Wait, What? Snowden Caught Hacking By CIA in 2009?
In a New York Times report, we now learn that Edward Snowden was caught trying hack into classified information as early as 2009 and was reprimanded and dismissed by the CIA. This puts into question the narrative carefully crafted by himself and enablers like Glenn Greenwald.
Edward Snowden and the ‘journalists’ who helped him leak Classified information earlier this year have always maintained that an accelerated expansion of public surveillance by the NSA lead to the so-called whistleblowing. Snowden, we were told, is a reluctant hero willing to sacrifice himself to save the people of the world from evil government overreach. He didn’t want to break into the computers, remove all that sensitive information and jump on a plane – but simply had no choice.
In his now-famous interview with Greenwald from a luxury Hong Kong hotel, Snowden claims things finally reached a tipping point for him earlier this year:
“But over time that awareness of wrongdoing sort of builds up and you feel compelled to talk about. And the more you talk about the more you’re ignored. The more you’re told its not a problem until eventually you realize that these things need to be determined by the public and not by somebody who was simply hired by the government.”
But learning that his attempts to break into government files far predate his NSA employment seems to point to some sort of personal vendetta against the United States and a long-standing compulsion to obtain classified information. This is not the behavior of a man overwhelmed by troubling information and left no choice but to break the law. This is someone on a fishing expedition looking for something – anything – to disrupt a national security program.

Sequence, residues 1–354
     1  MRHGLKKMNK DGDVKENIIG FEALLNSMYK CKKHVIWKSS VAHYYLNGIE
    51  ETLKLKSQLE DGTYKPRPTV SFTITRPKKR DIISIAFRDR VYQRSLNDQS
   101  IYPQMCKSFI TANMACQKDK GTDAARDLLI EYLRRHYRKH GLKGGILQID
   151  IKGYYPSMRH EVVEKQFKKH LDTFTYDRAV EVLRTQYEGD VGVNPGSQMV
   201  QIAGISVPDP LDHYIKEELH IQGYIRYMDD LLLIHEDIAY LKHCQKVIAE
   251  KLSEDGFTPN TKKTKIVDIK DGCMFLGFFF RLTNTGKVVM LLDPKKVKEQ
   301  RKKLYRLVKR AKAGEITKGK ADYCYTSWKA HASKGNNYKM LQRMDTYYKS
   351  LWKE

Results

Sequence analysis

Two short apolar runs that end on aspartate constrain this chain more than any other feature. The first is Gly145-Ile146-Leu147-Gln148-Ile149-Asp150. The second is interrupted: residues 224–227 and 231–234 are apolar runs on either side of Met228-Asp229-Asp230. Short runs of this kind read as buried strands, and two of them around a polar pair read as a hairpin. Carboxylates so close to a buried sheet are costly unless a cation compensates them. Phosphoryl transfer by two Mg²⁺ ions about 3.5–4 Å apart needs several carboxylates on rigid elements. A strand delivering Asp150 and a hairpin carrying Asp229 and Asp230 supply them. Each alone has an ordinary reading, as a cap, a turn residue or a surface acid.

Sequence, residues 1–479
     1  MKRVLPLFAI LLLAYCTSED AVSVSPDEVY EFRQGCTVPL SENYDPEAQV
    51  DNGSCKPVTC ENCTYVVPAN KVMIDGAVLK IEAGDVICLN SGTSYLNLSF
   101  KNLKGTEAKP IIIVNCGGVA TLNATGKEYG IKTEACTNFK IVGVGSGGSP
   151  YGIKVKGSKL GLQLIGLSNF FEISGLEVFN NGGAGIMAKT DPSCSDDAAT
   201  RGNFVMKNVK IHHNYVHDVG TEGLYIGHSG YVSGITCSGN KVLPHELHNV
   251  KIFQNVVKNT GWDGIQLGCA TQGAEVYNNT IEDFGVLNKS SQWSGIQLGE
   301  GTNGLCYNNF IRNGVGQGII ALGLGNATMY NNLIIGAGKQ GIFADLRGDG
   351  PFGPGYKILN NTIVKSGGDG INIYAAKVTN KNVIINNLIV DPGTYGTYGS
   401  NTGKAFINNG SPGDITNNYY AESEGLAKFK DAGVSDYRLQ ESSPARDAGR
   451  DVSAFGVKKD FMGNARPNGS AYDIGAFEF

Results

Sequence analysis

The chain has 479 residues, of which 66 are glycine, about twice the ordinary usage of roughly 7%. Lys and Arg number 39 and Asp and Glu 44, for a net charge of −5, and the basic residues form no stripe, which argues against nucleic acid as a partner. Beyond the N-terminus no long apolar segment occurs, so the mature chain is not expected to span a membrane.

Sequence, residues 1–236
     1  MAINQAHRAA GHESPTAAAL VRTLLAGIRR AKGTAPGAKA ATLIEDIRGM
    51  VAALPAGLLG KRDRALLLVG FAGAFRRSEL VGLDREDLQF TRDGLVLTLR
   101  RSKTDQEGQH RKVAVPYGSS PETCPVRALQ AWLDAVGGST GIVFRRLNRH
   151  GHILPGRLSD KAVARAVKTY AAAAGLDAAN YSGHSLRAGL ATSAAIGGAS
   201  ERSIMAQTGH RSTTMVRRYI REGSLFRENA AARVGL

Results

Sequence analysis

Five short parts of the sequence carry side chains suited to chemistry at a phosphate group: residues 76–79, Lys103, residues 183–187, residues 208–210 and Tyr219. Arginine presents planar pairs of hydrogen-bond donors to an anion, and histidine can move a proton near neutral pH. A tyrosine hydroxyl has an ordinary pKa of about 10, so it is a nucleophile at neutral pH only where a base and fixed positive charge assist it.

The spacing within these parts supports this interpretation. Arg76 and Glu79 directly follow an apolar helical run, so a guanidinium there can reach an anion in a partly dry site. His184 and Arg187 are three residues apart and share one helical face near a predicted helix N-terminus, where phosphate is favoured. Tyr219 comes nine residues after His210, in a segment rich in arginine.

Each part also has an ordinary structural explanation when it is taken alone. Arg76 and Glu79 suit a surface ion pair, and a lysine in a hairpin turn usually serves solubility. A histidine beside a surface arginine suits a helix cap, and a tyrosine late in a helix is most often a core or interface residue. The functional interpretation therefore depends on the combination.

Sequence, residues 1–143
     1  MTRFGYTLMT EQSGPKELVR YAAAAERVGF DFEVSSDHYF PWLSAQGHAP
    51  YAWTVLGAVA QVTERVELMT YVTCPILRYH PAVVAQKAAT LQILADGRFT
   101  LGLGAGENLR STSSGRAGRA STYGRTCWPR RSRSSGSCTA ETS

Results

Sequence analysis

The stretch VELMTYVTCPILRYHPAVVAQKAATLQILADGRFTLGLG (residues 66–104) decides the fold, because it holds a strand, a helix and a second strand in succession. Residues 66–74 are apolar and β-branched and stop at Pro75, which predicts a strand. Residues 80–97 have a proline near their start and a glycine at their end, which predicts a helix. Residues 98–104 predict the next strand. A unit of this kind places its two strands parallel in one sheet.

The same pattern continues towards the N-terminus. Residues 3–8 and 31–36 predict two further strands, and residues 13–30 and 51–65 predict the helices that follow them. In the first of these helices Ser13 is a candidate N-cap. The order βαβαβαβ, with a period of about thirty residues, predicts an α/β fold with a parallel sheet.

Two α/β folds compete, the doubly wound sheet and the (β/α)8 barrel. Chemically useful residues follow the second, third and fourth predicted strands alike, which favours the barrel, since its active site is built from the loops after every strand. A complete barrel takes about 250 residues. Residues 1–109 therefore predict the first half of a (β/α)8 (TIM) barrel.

Just as Edward J. Snowden was preparing to leave Geneva and a job as a C.I.A. technician in 2009, his supervisor wrote a derogatory report in his personnel file, noting a distinct change in the young man’s behavior and work habits, as well as a troubling suspicion.
The C.I.A. suspected that Mr. Snowden was trying to break into classified computer files to which he was not authorized to have access…
Few would argue that secret surveillance programs need to be reevaluated some 12 years after 9/11. I will even begrudgingly admit Snowdens actions have spurred important discussions about this. But his true motives, and the motives of his enablers, become even murkier with this revelation. Those troubled with his actions, and his decision to flee with our private information to Hong Kong and now Russia, have more fuel for their suspicions that benevolence was never the real reason behind the criminal activities of Edward Snowden.Click here for reuse options!
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